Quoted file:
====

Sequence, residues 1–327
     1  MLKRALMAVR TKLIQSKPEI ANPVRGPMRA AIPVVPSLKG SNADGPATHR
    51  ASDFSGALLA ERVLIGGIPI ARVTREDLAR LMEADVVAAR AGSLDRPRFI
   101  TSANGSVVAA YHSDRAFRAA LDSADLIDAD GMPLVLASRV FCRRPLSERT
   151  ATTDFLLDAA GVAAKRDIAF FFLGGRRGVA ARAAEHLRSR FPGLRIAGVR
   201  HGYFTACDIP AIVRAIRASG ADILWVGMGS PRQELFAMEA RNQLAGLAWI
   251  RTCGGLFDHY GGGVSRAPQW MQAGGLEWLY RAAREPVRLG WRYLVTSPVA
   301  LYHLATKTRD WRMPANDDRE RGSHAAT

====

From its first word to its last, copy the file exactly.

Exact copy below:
Sequence, residues 1–327
     1  MLKRALMAVR TKLIQSKPEI ANPVRGPMRA AIPVVPSLKG SNADGPATHR
    51  ASDFSGALLA ERVLIGGIPI ARVTREDLAR LMEADVVAAR AGSLDRPRFI
   101  TSANGSVVAA YHSDRAFRAA LDSADLIDAD GMPLVLASRV FCRRPLSERT
   151  ATTDFLLDAA GVAAKRDIAF FFLGGRRGVA ARAAEHLRSR FPGLRIAGVR
   201  HGYFTACDIP AIVRAIRASG ADILWVGMGS PRQELFAMEA RNQLAGLAWI
   251  RTCGGLFDHY GGGVSRAPQW MQAGGLEWLY RAAREPVRLG WRYLVTSPVA
   301  LYHLATKTRD WRMPANDDRE RGSHAAT